Until 10 years ago, driving in Turkey used to be perilously close to a contact sport. Road accidents were a constant threat, as tractors, ageing Fiats, and scooters with entire families clinging on vied for dominance of the rutted, crumbling roads. But as affluence has come to Turkey's coastal strip, so the road system has been rebuilt and upgraded, making self-drive trips a great way to explore the stunning coastline and mountainous inland.
I've holidayed on the Turkish coast for the past 15 years, but a road trip held real appeal - the chance to explore away from the main tourist areas and discover places I'd previously missed. Car hire companies are now offering one-way trips, so I decided to start in Dalaman in the heart of the tourist region and finish in Izmir on the east coast. Although the distance wasn't huge to cover in a week - around 560 kilometres - it allowed for plenty of diversions and exploration of the peninsulas that stretch out from the coast.
Driving after a flight is never one of my favourite things, so I booked my first night in the pretty yachting village of Gocek, barely 20 minutes from Dalaman airport. It was five years since my last visit and I was struck by the change that had taken place; the promenade had had a serious facelift and was lined with a mix of chic cocktail bars, traditional restaurants and sleek boutiques selling the kind of designer labels normally seen in Dubai Mall.
My billet for the night was the elegant Swissôtel, which stands at the far end of the village, surrounded by luxury villas. Targeted at the affluent yachting crowd, the hotel's "X-factor" is the newly-created beach club that lies about 10 minutes' walk further along the coast. It is idyllic; powdery sand, a softly-sloping shoreline, and luxurious rattan clamshell chairs perched on wooden piers. I walked down early the next morning for a swim and found I had the beach to myself, the air thick with the scent of pine and no sound, save for the gentle roll of baby waves onto the shoreline.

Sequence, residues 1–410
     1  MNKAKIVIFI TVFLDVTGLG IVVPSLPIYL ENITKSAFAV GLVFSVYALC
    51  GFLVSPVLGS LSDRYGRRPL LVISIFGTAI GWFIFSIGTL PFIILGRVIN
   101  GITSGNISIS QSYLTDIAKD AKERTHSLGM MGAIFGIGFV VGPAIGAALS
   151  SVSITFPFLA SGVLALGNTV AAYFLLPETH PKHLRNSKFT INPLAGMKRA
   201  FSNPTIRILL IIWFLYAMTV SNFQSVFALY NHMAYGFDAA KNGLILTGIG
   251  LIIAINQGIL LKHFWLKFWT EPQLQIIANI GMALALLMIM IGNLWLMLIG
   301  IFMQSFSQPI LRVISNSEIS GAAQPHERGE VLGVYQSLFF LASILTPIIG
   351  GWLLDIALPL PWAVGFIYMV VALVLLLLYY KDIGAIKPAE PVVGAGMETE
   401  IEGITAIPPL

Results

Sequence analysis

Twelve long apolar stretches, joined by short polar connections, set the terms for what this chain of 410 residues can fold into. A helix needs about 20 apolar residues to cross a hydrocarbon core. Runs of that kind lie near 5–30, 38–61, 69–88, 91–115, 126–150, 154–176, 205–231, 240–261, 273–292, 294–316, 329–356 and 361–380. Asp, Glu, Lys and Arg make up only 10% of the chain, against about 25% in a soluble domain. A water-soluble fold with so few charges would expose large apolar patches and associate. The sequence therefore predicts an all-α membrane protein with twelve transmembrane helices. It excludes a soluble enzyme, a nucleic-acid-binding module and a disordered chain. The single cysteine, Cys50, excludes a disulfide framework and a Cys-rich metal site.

But the open road called me, and I set off east, whizzing along the new road that cuts through the lush plains that separate the Taurus mountains from the sea. After an hour I came to a large junction; right to head up over the mountain to Mugla, in the direction of Izmir, left down to the sprawling resort of Marmaris. I turned the car left, speeding past clutches of ramshackle cottages surrounded by lush orchards and on into the pine-clad mountains. The road down to Marmaris is spectacular, but I was heading for somewhere far more remote, and wound my way through the busy streets and out again, towards the Bozburun peninsula.
A drive on this peninsula is not for the faint-hearted; the road twists and curls around increasingly vertiginous hairpin bends, and when I finally reached the top I pulled up and took a minute to gaze down at the small resort of Turunc, hundreds of metres below. It's a breathtaking, widescreen view and I gingerly steered the car down the other side of the mountain, through Turunc and on into the sleepy hamlet of Kumlubuk, where a few cottages stood silently among the fields, and a rough, unmade road led to my hotel at the very far end of the bay.